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Univ. of San Diego School of Law

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Sunday, December 2, 2007

Editorial Concerning Alabama's Refusal to Order DNA Testing Before Executing a Man Who Claims Innocence

birminghamnews.com:  The Birmingham News recently ran an editorial discussing state of Alabama's refusal to order DNA testing before executing a Death Row inmate who claims to be innocent. Here is an excerpt:

homas Arthur may absolutely be guilty of a 1982 murder for which he was sentenced to death. Arthur emphatically claims he is not; a jury concluded he was.

The truth is, there's at least some evidence to suggest guilt and other evidence that makes you wonder. Unfortunately, the jury that decided Arthur's fate didn't have the luxury of DNA testing that might have helped them sort through the complicated facts of the case.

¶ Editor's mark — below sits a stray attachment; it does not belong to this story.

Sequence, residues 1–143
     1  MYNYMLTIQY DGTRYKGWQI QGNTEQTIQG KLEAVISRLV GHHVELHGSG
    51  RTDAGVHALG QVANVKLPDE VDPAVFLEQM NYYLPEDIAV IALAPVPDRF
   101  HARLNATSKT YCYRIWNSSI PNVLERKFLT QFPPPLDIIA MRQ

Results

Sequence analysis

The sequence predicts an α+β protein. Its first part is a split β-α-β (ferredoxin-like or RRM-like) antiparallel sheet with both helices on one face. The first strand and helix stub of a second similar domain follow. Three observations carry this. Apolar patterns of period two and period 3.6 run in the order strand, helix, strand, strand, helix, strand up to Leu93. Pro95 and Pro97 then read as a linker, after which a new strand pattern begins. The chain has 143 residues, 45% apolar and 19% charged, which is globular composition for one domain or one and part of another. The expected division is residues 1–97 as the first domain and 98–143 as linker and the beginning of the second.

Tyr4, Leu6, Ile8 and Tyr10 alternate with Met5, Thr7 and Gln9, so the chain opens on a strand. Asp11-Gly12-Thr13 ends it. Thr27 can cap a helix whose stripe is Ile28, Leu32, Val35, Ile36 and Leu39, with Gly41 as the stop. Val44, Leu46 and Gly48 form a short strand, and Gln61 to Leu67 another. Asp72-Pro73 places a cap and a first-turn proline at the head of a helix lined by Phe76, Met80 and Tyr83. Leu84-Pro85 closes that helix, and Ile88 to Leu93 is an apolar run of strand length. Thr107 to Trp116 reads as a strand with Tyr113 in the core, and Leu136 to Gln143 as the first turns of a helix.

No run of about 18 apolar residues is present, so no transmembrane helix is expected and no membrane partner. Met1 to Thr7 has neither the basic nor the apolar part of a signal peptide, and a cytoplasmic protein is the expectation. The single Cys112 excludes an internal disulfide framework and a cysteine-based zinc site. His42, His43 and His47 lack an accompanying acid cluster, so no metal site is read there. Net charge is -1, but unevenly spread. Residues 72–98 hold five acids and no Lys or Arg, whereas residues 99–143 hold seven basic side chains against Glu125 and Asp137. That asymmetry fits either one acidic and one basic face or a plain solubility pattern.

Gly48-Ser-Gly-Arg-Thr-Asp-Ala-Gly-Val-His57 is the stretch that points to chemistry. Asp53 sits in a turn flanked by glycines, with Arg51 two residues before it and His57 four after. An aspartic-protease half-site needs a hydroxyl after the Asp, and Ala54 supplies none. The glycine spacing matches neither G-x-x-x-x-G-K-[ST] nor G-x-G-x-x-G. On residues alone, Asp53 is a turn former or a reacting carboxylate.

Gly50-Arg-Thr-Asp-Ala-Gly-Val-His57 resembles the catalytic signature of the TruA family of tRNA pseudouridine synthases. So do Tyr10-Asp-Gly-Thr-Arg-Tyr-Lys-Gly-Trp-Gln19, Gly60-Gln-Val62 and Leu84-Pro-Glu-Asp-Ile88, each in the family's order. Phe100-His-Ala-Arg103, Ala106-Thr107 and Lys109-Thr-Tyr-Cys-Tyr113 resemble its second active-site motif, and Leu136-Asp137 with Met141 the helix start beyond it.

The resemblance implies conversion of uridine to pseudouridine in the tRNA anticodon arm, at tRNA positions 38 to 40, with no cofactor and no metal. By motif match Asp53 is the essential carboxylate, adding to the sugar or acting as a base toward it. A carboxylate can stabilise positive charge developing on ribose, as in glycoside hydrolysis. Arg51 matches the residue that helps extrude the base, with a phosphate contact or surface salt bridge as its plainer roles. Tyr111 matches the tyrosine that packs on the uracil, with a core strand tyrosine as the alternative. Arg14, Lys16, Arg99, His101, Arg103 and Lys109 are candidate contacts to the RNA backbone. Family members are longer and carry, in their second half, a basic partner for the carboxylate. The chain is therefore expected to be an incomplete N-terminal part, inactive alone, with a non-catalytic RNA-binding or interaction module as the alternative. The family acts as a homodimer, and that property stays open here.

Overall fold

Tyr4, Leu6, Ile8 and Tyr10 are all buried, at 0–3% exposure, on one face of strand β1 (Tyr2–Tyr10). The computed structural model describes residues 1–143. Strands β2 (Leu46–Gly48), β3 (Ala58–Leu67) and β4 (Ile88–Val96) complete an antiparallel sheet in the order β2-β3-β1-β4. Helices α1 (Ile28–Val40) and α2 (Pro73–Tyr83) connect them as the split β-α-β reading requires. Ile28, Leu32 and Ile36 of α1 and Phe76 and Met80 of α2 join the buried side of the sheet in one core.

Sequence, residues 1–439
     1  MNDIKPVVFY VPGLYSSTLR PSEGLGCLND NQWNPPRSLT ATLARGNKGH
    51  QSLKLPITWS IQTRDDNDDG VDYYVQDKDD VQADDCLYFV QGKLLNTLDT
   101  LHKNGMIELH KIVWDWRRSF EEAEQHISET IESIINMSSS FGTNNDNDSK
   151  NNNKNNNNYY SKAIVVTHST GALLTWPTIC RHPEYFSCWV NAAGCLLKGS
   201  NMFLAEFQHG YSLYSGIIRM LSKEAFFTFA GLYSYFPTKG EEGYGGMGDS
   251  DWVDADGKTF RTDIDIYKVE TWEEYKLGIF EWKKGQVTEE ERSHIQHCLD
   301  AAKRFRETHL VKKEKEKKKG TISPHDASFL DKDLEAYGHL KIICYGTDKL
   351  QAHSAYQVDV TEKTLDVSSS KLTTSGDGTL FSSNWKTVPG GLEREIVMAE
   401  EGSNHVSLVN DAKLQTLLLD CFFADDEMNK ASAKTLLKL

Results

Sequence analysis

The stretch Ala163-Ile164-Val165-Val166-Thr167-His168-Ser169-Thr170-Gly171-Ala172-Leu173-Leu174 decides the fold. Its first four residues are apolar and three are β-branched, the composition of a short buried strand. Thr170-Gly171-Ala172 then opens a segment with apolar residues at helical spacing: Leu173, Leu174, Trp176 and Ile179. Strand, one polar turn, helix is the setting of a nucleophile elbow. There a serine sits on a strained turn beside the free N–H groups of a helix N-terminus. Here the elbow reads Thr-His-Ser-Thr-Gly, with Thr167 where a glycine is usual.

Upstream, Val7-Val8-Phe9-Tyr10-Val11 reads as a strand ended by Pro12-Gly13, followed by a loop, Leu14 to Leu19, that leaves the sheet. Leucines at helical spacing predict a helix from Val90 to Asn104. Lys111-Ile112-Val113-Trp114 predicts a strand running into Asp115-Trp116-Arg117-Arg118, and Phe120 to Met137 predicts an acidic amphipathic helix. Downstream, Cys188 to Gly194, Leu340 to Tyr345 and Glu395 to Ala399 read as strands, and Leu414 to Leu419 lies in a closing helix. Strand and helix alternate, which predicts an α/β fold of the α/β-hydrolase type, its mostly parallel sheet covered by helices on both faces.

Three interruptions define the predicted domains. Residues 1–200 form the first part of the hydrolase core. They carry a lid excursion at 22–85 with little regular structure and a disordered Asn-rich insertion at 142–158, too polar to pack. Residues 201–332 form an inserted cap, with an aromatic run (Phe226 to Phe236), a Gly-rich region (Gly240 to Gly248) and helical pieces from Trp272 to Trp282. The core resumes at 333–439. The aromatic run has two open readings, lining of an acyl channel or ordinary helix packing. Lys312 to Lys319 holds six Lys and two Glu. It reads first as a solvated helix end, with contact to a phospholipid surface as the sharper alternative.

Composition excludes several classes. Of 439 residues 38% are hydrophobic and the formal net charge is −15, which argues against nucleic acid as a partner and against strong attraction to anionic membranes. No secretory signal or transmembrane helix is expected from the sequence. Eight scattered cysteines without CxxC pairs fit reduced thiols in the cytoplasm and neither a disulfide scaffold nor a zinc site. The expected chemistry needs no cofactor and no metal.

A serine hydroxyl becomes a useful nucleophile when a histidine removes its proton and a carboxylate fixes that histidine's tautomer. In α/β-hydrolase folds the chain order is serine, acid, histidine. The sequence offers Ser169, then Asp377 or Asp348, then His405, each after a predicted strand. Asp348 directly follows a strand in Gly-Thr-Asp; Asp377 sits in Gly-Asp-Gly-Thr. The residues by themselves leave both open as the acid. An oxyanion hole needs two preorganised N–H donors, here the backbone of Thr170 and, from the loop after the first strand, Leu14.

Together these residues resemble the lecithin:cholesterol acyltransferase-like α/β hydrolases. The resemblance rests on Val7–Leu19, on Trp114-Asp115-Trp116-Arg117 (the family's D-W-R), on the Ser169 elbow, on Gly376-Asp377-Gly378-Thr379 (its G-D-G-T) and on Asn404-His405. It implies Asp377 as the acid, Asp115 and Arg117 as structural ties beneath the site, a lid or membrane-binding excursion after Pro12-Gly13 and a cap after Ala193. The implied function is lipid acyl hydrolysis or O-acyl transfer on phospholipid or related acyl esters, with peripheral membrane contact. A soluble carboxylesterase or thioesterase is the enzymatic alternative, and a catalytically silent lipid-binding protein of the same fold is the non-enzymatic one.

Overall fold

Had the technology existed at the time of his trial, surely DNA tests would have been conducted on the evidence, which includes hair and semen. It's routinely used now on the front end of criminal cases to confirm guilt or to eliminate suspects.

It boggles the mind, then, that the state of Alabama won't order DNA tests before proceeding to execute Arthur on Dec. 6.

True, the U.S. Supreme Court this week denied Arthur's legal bid for DNA testing. But the courts are bound by legal timelines and rules. We may not always like those constraints, but at least we can see the reasoning behind the decision.

Gov. Bob Riley is under no such rules. He can order DNA testing in this case, and there's no good reason for him not to do it. Rest of Article. . . [Mark Godsey]

http://lawprofessors.typepad.com/crimprof_blog/2007/12/editorial-conce.html

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